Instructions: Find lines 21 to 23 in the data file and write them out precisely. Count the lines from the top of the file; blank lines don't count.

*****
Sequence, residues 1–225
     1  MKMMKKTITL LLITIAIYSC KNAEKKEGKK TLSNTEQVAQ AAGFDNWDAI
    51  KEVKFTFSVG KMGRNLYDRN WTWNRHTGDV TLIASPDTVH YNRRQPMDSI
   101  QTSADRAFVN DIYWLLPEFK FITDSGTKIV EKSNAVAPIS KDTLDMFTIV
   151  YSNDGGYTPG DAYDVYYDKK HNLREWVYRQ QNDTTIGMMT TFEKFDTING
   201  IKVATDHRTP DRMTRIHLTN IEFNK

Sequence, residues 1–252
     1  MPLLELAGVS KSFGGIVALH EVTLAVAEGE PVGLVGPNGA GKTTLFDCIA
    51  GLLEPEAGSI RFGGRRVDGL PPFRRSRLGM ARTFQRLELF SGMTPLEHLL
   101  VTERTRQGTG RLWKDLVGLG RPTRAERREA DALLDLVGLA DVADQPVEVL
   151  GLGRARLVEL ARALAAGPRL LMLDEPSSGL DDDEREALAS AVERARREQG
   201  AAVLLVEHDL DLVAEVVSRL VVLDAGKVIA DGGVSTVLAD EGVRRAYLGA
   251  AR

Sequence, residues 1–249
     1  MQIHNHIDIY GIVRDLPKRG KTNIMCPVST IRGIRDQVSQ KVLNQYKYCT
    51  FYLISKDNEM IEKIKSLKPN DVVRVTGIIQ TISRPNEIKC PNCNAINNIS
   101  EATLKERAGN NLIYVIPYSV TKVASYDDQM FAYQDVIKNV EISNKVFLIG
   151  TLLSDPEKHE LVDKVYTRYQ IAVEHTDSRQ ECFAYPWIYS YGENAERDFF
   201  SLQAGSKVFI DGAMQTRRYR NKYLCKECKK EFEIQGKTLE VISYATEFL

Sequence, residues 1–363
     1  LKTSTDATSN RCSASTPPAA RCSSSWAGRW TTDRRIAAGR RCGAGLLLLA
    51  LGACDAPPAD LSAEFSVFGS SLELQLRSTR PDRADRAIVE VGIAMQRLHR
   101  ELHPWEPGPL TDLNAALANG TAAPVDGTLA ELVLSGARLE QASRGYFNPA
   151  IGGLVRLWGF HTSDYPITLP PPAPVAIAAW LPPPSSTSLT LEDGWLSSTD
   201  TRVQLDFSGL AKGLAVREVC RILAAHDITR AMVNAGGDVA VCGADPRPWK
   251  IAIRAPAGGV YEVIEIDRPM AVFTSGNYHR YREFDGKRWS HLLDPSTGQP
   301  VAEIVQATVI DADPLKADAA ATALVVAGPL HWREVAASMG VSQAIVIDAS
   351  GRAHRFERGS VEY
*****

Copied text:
     1  LKTSTDATSN RCSASTPPAA RCSSSWAGRW TTDRRIAAGR RCGAGLLLLA
    51  LGACDAPPAD LSAEFSVFGS SLELQLRSTR PDRADRAIVE VGIAMQRLHR
   101  ELHPWEPGPL TDLNAALANG TAAPVDGTLA ELVLSGARLE QASRGYFNPA